5. The device of claim 3, wherein the resistor is a variable resistor.
6. The device of claim 1, further comprising a resistor or an inductor between the capacitive load and the first main end of the transistor.
7. A method for driving a plasma display panel, comprising:
applying a first voltage to a control end of a transistor that turns on the transistor in response to a control signal of a first level;
changing the first voltage at the control end of the transistor to a second voltage at the control end of the transistor that turns off the transistor; and
applying a third voltage to the control end of the transistor for maintaining the transistor in a turned off state in response to the control signal of a second level,
wherein the control signal alternately has the first level and the second level.
8. The method of claim 7, wherein when the transistor turns off, the control signal is still at the first level.
9. The method of claim 7, wherein the control end voltage of the transistor is changed through a circuit including a resistor and a capacitor formed to function as a control end voltage control circuit.
10. The method of claim 7, wherein:
the transistor is coupled between a capacitive load and a power source, and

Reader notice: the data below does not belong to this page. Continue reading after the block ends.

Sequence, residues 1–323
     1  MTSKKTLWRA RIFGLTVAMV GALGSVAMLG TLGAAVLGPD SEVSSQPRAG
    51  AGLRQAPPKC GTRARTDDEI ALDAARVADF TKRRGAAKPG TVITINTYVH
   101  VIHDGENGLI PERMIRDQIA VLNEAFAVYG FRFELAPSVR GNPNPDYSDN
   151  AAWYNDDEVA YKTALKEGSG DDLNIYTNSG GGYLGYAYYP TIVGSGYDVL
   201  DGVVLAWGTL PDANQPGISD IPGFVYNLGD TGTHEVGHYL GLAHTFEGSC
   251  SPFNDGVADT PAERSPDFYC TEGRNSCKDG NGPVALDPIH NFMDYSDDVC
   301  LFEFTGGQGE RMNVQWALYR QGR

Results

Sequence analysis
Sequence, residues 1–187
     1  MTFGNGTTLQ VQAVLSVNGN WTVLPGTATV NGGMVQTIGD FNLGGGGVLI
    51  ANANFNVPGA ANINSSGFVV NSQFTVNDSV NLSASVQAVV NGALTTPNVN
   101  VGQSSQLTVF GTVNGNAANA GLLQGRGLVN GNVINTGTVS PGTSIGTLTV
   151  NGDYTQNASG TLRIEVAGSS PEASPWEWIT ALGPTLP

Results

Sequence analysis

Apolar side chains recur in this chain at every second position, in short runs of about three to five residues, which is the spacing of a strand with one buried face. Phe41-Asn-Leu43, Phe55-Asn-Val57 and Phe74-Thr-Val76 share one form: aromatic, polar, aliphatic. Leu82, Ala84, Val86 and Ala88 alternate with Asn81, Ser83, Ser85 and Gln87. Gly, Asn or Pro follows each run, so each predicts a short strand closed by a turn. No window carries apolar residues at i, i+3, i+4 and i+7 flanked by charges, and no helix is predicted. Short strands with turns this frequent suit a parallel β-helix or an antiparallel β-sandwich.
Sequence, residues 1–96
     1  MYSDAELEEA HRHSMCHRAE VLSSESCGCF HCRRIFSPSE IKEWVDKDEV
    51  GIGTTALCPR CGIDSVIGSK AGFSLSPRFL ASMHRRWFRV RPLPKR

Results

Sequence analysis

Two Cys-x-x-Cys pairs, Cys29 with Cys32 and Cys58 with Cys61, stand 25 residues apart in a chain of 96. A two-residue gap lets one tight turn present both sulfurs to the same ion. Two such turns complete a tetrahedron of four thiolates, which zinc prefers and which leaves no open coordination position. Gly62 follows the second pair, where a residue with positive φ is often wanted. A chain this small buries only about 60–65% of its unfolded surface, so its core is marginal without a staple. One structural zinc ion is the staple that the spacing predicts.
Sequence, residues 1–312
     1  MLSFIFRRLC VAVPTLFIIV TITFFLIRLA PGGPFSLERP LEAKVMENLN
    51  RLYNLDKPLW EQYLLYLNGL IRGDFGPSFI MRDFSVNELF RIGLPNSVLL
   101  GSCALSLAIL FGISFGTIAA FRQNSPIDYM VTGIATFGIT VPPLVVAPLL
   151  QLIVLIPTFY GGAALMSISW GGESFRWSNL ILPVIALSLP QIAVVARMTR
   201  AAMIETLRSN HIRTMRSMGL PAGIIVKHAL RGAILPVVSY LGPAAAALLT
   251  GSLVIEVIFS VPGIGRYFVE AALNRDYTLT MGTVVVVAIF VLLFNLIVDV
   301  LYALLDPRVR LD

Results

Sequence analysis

the voltage of the capacitive load is decreased due to a potential difference between the capacitive load and the power source when the transistor is turned on.
11. The method of claim 7, wherein:
the transistor is coupled between a capacitive load and a power source, and
the voltage of the capacitive load is increased due to a potential difference between the capacitive load and the power source when the transistor is turned on.
12. A plasma display panel apparatus including a driver for driving the plasma display panel formed with a capacitive load between at least two electrodes, the driver comprising:
a transistor coupled between the capacitive load and a power source; and
a control circuit coupled to a control end of the transistor, and receiving a control signal that alternately has a first level and a second level,
wherein the control circuit turns on the transistor in response to the control signal of the first level, and turns off the transistor by changing the control end voltage of the transistor while the control signal maintains the first level.
13. The plasma display panel apparatus of claim 12, wherein the control circuit comprises a resistor and a capacitor.
Description

This application claims the benefit of Korean Patent Application No. 2003-40689, filed on Jun. 23, 2003, which is hereby incorporated by reference for all purposes as if fully set forth herein.

BACKGROUND OF THE INVENTION

1. Field of the Invention

The present invention relates to a plasma display panel (PDP) driver and a method for driving a PDP.

2. Discussion of the Related Art